"The idea is to create a place where couples can go on a date, take a cooking class together, meet other people, make a great meal and then sit down and enjoy that meal with a good bottle of wine. I discovered a similar place in New York City, which is what gave me the idea. I went there one night with a few friends, we cooked a three-course meal, met a few people, and just had an awesome time."
Bari, who attended restaurant management school with a career in the food business in mind, says that the start-up costs for his venture will be around $250,000, which he’s raised through friends and family as well as from his poker winnings. He had given thought to opening an actual restaurant before enrolling in management school, but "every time a restauranteur got up in front of the class, they said, 'Don’t get into the restaurant business.'"
This somewhat different type of food-related business will suit his personality better, he says, "because if it’s successful, I won’t have to be there 24-7, which certainly would be the case in the restaurant business." It also gives him an alternative to the poker career for which his enthusiasm has been dwindling. "I still enjoy the game," he says, "but not the world around it. I can’t stand most poker players. So playing poker one day a week is probably the perfect amount for me. The way I'm setting up this new business, it’ll be closed every Tuesday, which is my poker day, and that way, at least in the beginning, I won’t have to take a salary myself. I'll be able to survive on playing poker, and hopefully, once the business is self-sustaining, in two or three years, I’ll be able to hire a manager so I can start another place."
Daneshgar's end game is a bit more ambitious. He sees the BloomNation model as a vehicle to world-domination in the competitive billion dollar online flower market. "Frankly, we don’t worry about 1-800-Flowers and FTD. We’re more worried about someone new coming in and competing with us than with the behemoths. They're [the behemoths] too big and too antiquated to adapt fast enough, and their business model doesn't allow them room to become competitive with us, because if they try they'll actually be hurting themselves, given the way they do business now."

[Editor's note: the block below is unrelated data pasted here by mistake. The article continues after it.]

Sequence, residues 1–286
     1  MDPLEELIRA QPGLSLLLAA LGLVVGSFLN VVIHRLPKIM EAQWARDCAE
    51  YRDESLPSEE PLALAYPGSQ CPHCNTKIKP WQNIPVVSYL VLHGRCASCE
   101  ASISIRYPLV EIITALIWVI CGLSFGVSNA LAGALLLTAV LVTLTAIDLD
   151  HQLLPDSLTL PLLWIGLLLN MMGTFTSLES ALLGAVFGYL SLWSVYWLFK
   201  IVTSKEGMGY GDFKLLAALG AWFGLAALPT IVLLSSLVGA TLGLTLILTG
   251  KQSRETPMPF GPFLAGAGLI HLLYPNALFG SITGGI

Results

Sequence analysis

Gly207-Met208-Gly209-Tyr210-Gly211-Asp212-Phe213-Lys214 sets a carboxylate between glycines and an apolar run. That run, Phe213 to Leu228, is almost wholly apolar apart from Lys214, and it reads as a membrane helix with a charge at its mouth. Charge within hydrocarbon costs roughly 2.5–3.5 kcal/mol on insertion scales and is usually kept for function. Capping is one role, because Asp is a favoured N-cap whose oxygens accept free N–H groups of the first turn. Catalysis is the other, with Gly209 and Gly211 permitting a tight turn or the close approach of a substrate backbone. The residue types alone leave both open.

Daneshgar is confident his poker skills are one of his biggest assets. "The venture capital firms we approached actually liked the fact that I had a poker background," he says. “They believed that when the money was on the line, I would come through. They loved the background because a lot of them play poker as well. Having the makeup and temperament of a poker player enables you to weather the storms. We have two million in the bank now and we’re going good, but you never know. Right now we're adapting much better than the competition, but the reality is that if we don’t continue to adapt and learn the game, we’ll be like poker players who don’t adapt. The game will pass us by."
Though flowers are his primary focus for now, he, like Aguiar and Bari, is pretty certain he’s never going to forsake the game completely. "Everyone needs a hobby," he says. "Mine is poker. It’s where I go to relax and unwind now. And the fringe benefit is it keeps me sharp."